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    I know. The victims could have been 16 or 17. Somehow this does not seem as bad to me as if they were, say, five.

  9. #9
    tennessee is offline Blew out my flipflop. Stepped on a pop top . . .
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    As the parent of a 15 year old, I think it is disgusting.



    JMHO

  10. #10
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    What gets me is that as an officer of the law, I guess I hold them as an example of a law abiding citizen- someone you are supposed to be able to trust. And someone who knew very well that what he was doing was illegal and the possible penalties for it.
    Under that basis, I believe that he should have been given the maximum, made an example of what is not tolerable. He let the public down, he let his dept down, and not to mention what he did to the kid.
    Just when I think that I have seen the most depraved things a human can do to another human, somebody posts a new story...........

    Why is it that when a custodial parent fails to provide for a child it is called neglect and is a criminal matter. But when a non custodial parent fails to provide it is called failure to support and is a civil matter?


    "Just when the caterpillar thought its world was over, it became a butterfly" ~ Michelle Knight


  11. #11
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    Quote Originally Posted by meggilyweggily
    I know. The victims could have been 16 or 17. Somehow this does not seem as bad to me as if they were, say, five.
    Most 16 or 17 year olds I meet nowadays might be more physically mature than ever before, but the emotional maturity of today's teens seems to be backsliding, which is saying something, since my generation (now in its mid 40s) were utter morons at that age.

  12. #12
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    I do not think teens nowadays are any more or less mature than they ever were, though admittedly my scope is quite limited. My life situation was somewhat different from most sixteen-year-olds', but from my experience I think adolescents are a lot smarter and wiser than they are given credit for. I believe a lot of their perceived irresponsibility is because they aren't given any responsibilities, and are constantly told that they are immature etc.

    This is somewhat off-topic, but it really bothers me that this country won't let you drive until you're sixteen, smoke, enlist or marry without permission until you're eighteen, and drink until you're twenty-one, but they will try you as an adult at eleven.

  13. #13
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    Quote Originally Posted by meggilyweggily
    I do not think teens nowadays are any more or less mature than they ever were, though admittedly my scope is quite limited. My life situation was somewhat different from most sixteen-year-olds', but from my experience I think adolescents are a lot smarter and wiser than they are given credit for. I believe a lot of their perceived irresponsibility is because they aren't given any responsibilities, and are constantly told that they are immature etc.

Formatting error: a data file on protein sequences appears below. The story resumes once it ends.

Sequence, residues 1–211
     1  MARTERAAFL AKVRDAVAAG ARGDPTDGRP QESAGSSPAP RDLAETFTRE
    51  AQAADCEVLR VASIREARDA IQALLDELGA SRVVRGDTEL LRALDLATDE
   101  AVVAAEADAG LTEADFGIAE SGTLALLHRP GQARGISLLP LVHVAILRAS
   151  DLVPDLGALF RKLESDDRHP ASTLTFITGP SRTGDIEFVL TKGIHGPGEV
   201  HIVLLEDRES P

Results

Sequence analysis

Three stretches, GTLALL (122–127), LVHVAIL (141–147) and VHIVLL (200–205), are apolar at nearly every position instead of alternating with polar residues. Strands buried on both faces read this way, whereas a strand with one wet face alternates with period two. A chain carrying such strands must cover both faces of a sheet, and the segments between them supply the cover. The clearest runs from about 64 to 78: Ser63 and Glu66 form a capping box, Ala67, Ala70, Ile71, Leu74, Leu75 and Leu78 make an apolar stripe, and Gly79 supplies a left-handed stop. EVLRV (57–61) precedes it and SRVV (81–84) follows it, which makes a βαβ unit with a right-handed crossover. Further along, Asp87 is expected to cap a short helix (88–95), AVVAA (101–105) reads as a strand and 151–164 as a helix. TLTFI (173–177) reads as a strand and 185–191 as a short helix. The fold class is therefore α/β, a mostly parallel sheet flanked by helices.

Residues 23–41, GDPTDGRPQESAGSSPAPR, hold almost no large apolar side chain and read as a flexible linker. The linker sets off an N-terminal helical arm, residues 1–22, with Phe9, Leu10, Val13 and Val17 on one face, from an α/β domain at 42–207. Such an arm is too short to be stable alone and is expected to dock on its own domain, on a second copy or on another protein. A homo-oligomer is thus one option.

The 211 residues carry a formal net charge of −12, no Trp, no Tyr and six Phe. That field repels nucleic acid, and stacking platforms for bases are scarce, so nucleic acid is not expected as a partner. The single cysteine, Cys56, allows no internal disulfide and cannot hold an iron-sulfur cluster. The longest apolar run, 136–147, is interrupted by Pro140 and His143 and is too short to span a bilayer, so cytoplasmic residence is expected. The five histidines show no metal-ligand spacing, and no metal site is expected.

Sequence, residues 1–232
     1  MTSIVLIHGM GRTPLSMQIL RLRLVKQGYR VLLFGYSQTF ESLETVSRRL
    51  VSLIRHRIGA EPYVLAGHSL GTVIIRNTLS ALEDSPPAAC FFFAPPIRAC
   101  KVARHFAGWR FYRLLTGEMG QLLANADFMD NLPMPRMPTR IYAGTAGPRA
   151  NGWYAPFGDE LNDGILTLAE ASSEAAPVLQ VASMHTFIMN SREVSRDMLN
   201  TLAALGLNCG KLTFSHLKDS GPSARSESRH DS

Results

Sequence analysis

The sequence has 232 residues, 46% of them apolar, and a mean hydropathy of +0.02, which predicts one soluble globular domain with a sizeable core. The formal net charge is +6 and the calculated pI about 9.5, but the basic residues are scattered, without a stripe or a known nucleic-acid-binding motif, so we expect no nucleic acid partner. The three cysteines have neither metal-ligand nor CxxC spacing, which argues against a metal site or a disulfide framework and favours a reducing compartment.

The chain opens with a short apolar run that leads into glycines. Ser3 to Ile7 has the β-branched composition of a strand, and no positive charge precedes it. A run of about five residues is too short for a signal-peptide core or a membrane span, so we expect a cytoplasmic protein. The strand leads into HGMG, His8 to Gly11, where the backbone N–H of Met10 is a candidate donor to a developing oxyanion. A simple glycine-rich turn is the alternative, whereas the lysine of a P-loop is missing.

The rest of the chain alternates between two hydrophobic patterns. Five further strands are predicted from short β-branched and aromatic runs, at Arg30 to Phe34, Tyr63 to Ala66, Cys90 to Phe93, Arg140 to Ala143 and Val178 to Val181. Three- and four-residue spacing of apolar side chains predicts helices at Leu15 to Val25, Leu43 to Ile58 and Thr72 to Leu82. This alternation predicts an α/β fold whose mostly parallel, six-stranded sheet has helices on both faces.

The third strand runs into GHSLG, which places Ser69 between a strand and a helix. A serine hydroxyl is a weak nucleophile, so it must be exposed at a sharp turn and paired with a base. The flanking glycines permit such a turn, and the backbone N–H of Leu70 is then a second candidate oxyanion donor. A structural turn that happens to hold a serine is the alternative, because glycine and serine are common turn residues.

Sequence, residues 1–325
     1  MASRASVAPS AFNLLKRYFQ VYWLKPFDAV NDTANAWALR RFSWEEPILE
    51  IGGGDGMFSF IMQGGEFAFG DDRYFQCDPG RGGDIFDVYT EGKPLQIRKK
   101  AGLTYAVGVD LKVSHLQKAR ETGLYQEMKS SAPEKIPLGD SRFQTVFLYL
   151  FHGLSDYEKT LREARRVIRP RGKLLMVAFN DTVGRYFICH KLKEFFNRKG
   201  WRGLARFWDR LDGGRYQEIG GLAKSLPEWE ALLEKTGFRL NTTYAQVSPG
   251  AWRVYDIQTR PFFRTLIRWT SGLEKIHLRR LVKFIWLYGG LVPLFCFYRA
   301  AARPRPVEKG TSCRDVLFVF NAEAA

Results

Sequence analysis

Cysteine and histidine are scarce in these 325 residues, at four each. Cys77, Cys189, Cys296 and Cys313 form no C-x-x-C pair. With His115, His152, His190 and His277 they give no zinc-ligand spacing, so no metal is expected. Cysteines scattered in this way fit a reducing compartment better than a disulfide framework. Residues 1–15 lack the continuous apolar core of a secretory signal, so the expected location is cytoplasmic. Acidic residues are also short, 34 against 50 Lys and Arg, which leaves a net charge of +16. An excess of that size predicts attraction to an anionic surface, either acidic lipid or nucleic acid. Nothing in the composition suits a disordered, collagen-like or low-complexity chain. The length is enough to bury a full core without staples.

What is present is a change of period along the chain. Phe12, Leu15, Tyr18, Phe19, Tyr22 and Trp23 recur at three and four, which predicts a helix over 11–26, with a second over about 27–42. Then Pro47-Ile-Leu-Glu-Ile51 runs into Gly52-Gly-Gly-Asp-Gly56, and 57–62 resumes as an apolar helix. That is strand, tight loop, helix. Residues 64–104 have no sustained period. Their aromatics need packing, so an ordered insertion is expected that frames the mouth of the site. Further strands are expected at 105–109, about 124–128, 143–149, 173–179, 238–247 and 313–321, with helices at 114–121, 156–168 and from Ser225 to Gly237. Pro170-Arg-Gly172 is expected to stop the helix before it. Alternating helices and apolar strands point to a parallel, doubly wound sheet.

This is somewhat off-topic, but it really bothers me that this country won't let you drive until you're sixteen, smoke, enlist or marry without permission until you're eighteen, and drink until you're twenty-one, but they will try you as an adult at eleven.
    Kids today might seem smarter, to some extent, at least in regard to technology,but maturity has nothing to do with IQ. I've know my share of geniuses with high IQs who had the emotional maturity of 12 year olds.
    We're pushing our kids to be phsyical adults so quickly now (at least as a culture) we seem to be forgetting that there's more to growing up than getting taller, growing hair and having sex.
    BTW I've noticed a rather odd trend lately--kids as old as 12 and 13 still publically sucking their thumbs.

  14. #14
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    A confession: when I was sixteen, I had a relationship with an adult man. Not an eighteen- or nineteen-year-old, not a twenty-one year-old, but much closer to thirty. He had a few gray strands in his hair. We didn't have sex, but it was a physical as well as a romantic relationship. We met in college (I began taking college classes at fourteen, and he was going back for another degree).

    Some would say I was taken advantage of, yada yada, but I don't see it that way at all. I liked the guy, I aggressively pursued him, he fell for me. If anything it was other way around -- he had just finished with a bad relationship and was very depressed and vulnerable, and there I was, flirting with him and all come-hither. Anyway, when my parents found out, they did not accuse the guy of taking advantage of me. (Some other members of my family did, but not to my face or his.) My parents told me we were both equally to blame for our behavior, and I appreciated that respect.

    I am now twenty and still seeing that guy. We plan to marry after I graduate from college. Hence my skepticism when I hear about men supposedly taking advantage of teenage girls. I know it happens. I know that perhaps my own relationship was an anomaly. But my boyfriend loves me and that's all I have ever experienced.